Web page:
the news from Montreal

the news from Montreal

So another Worldcon winds down. If all goes well, I should be at the next one, but at the moment I’m not expecting it to go well. However, unless things go absolutely pear-shaped, I’ll be at the one in 2011, since, y’know, it’s just over the hill from Sactown.

But that’s not the point of this post. The point is to prod at the news from Montreal. And here’s my thoughts. Note: these are just my thoughts.

First off, Reno wins the 2011 Worldcon and Raleigh takes the 2010 NASFiC. Neither of these are the unexpected results, as both were unopposed, but now we know where we’ll be hanging out. As I said, Reno’s just over the hill from Sactown, and as soon as I can scrape up the money, I’ll be buying my attending membership. I encourage all my friends to buy supporting memberships; if nothing else, you’ll get to vote for the Hugos. If you want to go all out and get an attending membership, that’s even better. Come party in Reno with me. ;)

Also, I’m fairly impressed at how well the Reno team has gotten on the ball in regards to social networking. Since Saturday, I’ve received invitations to both the LJ community and the Twitter account, and I suspect, if I were more active on Facebook than I am, I’d have an invitation there too. Well done.

Next, this year’s Hugo trophy is a work of art. Well done. I think that’s my favorite trophy of the last three years.

As for the awards themselves, the first thing that pops out is what might amount to the end of an era. Somebody other than Locus takes the Semipro award, and the category was saved from elimination at the business meeting, both of which I think are good things. I’m all about diversity in winners in the Hugo categories — in both the senses of different people winning them, and in the sense of diverse in the larger context, although I freely admit, the latter is harder. Anyway, the point is, epic moment.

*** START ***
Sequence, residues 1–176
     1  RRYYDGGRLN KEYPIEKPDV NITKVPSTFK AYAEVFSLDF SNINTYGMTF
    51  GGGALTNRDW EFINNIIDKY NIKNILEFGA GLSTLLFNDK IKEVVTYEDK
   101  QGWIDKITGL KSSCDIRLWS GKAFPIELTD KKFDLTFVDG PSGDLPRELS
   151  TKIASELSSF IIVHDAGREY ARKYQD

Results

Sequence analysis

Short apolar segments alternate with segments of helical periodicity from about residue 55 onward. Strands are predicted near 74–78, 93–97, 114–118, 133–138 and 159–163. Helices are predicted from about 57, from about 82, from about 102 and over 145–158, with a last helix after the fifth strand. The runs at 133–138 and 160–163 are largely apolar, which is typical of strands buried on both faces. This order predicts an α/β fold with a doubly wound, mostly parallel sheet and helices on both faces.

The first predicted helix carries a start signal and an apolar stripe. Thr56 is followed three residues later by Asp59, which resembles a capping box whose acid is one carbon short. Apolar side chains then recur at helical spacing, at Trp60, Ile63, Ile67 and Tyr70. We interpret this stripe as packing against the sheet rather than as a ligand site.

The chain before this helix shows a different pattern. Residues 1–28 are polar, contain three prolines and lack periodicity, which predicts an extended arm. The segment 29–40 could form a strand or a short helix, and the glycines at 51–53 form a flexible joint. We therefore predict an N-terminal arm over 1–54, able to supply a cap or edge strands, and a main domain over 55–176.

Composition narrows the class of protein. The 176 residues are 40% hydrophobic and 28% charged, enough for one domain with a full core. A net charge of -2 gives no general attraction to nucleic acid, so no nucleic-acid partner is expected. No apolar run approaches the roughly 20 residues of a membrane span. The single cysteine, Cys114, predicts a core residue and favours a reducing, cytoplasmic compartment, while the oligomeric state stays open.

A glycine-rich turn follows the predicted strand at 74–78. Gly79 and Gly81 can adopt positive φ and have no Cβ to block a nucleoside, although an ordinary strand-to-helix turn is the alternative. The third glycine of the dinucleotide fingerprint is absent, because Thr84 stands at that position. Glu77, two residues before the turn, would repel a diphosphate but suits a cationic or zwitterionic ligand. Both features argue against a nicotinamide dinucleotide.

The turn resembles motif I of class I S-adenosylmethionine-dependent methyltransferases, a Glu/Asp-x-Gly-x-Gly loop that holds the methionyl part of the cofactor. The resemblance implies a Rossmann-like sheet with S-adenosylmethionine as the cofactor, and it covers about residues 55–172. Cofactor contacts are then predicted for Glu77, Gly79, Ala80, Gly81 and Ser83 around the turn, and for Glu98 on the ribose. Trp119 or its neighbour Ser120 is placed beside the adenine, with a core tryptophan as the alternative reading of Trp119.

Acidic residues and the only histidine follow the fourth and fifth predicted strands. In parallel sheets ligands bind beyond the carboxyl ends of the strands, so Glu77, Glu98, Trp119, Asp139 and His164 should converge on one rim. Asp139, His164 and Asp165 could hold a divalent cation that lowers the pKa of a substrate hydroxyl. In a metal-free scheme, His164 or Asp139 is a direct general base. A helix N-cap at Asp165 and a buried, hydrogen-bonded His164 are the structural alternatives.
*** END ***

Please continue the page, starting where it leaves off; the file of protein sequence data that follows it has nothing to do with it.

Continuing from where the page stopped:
Best fan writer went to Cheryl Morgan. Cheryl’s an awesome choice; I love her writing. Also, I know that she has wanted to defeat Dave Langford in honorable combat, and she’s gone and done that in dramatic fashion. As I said, Cheryl’s awesome and I’m glad for her victory in the category. (Also, that red dress is exquisite.)

On the other hand, there’s best fanzine. Electric Velocipede was the winner. This, in my opinion, doesn’t feel right. Don’t get me wrong, John Klima is also doing excellent work, and the fanzine rules as written don’t exclude him from the category, as he’s rightly pointed out. However, I’m the sort that finds the idea of paying for something that’s in the fanzine category just a little odd, as the ethics of fanzines, as I have been taught them, seem to imply that charging (or paying) anything other than the fannish usual (that is, a copy of the fanzine for a contribution, LoC, or as speculation) is just not kosher. See, I know EV is a labor of love for John, just as fanzines are for their editors, but I’m not sure Best Fanzine is the best place for what he’s doing. But the will of the voters has overruled me, and it is a diverse result, so I’m not sure if I can complain too much. Besides, it’s entirely possible I’ve been hanging out with the old fogies of fandom for too long. ;)

A quick shot of the rest of the categories: I’m sad Taral Wayne didn’t win Best Fan Artist. Frank Wu is a good guy, and a great artist, but I was rooting for Taral in this catagory. Don’t really know much about editors or the short form nominees, so can’t say much there; same with most of the fiction categories. (I failed to read most of them this year; this is something I will rectify for next year’s ballot.) Wall-E won long form, which was not unexpected. The Foglios got a Hugo for Girl Genius in the first year of Best Graphic Novel; I couldn’t think of a better choice. John Scalzi gets another Hugo, for Best Related Book this year — now he just needs to win Best Novel one of these years to complete the trifecta. And, Best Novel went to The Graveyard Book, by Neil Gaiman. I believe that makes Neil the first author to win both the Newberry and the Hugo for the same book.

Chris Garcia not only beat out No Award, but a couple actual living breathing human beings in both his categories. There’s hope for a Hugo for the fanzine lounge yet. At the same time, I’m sad that one of the living breathing human beings was Steven Silver, a person whom I’ve gotten to know through eAPA, and whose work I anticipate every month in that august distribution.

My goal for next year is to receive five nominations and thus show up on the nominations list. That would be awesome. I doubt it’ll happen, though, as I’ve not really done much to warrant the honor.

I like the new logo for the Hugo Award. It’s simple, but elegant. I like that clean style; it’s very Art Deco (I think that’s the right term) and a nice nod to the origins of fandom in those long ago decades. Well done, again.

And I think that’s most all the news from Montreal. I’ll sign off now.

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